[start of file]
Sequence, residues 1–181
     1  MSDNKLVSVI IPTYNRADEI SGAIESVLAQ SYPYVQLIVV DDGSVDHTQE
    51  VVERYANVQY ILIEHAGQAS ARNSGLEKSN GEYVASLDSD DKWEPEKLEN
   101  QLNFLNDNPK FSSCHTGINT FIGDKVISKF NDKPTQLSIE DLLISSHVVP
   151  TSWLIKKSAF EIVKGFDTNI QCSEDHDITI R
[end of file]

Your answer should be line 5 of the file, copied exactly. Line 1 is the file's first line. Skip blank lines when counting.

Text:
   151  TSWLIKKSAF EIVKGFDTNI QCSEDHDITI R